What is body dysmorphia, the condition Tami Roman suffers from?

‘I’m extremely thin because that’s what I felt I had to be in order to be beautiful’

Reality star Tami Roman recently gave a candid interview to hit radio show The Breakfast Club. And while Roman talked plenty about her newest project, VH1′s “Unfaithful: Caught in the Act,” it was her brave discussion about her struggles with body dysmorphic disorder that resonated with fans.

“Every day is a challenge. If I see my clavicle and I see bones that’s great to me but to you, you’d be like, Tammy, you need to eat something. I have body dysmorphic disorder. I didn’t realize that I had it for most of my life until I was diagnosed with it in 2008,” Roman explained.

According to the Mayo Clinic, “Body dysmorphic disorder is a mental health condition in which you can’t stop thinking about one or more perceived defects or flaws in your appearance — a flaw that appears minor or can’t be seen by others. But you may feel so embarrassed, ashamed and anxious that you may avoid many social situations.”

Roman first came to the public eye on the hit 90′s show ”The Real World.” Even then, she’d been struggling with body dysmorphia for years. In one especially concerning episode, Roman had her mouth wired shut in order to lose weight.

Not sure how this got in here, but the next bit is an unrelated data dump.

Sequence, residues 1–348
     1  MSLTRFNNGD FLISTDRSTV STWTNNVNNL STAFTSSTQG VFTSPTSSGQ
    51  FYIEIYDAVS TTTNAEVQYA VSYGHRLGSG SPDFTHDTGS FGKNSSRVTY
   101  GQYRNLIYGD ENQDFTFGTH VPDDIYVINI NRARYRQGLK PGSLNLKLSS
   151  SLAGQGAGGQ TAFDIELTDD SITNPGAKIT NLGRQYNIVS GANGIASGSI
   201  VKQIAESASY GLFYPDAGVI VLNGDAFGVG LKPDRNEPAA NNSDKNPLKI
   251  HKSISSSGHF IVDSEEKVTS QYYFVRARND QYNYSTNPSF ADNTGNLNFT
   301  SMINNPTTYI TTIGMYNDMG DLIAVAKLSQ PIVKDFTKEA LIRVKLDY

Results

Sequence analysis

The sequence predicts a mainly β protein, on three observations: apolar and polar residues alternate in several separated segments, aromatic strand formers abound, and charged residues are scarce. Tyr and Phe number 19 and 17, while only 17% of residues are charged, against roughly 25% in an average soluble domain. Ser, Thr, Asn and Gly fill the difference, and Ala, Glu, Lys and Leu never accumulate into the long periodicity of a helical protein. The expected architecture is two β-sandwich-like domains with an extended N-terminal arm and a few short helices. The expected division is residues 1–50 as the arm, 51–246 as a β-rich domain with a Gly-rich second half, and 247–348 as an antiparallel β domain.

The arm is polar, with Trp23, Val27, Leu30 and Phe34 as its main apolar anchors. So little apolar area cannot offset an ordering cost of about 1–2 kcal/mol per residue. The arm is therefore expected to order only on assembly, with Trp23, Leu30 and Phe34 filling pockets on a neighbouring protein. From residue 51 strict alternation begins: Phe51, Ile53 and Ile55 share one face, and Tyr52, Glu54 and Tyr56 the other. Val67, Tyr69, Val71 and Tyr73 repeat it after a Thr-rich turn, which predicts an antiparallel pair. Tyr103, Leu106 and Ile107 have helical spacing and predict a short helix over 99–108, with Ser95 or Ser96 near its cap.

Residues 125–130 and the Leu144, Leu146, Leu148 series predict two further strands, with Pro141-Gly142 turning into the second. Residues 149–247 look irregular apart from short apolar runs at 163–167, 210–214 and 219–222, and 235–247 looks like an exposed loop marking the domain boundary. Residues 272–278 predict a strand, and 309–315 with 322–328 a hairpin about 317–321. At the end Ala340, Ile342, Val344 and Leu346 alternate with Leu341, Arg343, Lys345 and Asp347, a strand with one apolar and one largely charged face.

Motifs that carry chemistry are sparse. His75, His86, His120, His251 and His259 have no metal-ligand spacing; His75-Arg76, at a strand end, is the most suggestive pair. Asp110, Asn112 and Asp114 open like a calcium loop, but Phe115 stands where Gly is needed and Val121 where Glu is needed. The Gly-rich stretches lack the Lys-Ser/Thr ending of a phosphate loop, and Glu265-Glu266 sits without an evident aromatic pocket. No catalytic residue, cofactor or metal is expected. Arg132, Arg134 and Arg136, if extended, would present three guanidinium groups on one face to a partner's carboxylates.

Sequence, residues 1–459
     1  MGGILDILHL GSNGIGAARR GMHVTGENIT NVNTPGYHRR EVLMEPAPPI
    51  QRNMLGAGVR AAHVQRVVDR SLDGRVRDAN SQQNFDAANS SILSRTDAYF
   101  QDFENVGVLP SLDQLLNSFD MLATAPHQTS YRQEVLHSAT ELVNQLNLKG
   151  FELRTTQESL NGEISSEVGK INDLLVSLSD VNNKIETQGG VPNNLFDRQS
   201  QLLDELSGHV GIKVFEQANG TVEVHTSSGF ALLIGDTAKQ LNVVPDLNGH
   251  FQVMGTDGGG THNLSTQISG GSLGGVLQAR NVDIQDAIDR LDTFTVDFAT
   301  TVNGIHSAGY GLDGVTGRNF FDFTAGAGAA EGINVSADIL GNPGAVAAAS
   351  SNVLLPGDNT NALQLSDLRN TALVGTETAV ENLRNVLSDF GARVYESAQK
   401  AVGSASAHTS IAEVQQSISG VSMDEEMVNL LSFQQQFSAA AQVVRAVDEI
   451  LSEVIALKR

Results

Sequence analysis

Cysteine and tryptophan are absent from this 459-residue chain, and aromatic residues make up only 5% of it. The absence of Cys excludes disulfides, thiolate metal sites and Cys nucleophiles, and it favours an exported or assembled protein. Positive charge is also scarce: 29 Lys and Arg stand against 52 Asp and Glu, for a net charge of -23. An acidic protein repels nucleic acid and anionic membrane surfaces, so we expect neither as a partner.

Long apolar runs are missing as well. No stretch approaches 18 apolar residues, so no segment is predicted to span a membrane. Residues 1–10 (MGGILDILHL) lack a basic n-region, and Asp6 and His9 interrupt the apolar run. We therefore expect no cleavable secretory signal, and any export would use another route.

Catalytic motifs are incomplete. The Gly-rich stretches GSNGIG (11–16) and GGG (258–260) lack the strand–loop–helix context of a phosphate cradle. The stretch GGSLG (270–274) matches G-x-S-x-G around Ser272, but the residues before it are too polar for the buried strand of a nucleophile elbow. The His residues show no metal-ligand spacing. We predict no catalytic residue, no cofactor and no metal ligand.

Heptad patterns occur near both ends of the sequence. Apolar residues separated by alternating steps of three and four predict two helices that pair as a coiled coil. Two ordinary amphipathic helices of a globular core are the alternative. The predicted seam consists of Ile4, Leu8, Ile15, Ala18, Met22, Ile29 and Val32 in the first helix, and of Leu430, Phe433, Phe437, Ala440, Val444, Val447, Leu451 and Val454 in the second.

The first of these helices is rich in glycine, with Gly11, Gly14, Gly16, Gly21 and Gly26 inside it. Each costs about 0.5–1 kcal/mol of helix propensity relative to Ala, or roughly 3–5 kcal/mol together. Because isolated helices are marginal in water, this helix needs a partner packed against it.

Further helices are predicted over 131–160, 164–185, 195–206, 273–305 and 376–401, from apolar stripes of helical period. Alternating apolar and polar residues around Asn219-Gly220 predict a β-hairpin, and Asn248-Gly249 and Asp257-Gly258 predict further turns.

“A lot of the story was missing, primarily because I wasn’t as open and as transparent as I should have been,” she told the Los Angeles Times.

BDD is a mental health condition that causes a person to worry and think about flaws or defects in their appearance. Most times, those flaws only exist to the person and not the general public.

Symptoms of body dysmorphic disorder include:

  • Worrying a lot about a specific area of your body (particularly your face)
  • Spending a lot of time comparing your looks with other people’s
  • Spending excessive time looking at yourself in the mirror — or, conversely, avoiding mirrors altogether
  • Making an excessive effort to conceal perceived flaws
  • Picking obsessively at your skin to make it “smooth”

While the causes of BDD are unclear, most mental health professionals point to traumatic experiences in the past – individuals are far more likely to develop the disorder if they were teased, bullied or abused as a child. Individuals with obsessive compulsive disorder (OCD) or depression are also more likely to suffer from body dysmorphia.

According to the Cleveland Clinic, about 2.5% of women and 2.2% of men suffer from body dysmorphic disorder. While those reported percentages don’t seem so high, they’ve increased dramatically among younger people, perhaps due to increased social media use.

While Roman continues to struggle with the disorder, her career has taken off. Roman’s “Bonnet Chronicles” videos are a hit on social media and she’s a fan favorite on BET’s hit “The Ms. Pat Show.”

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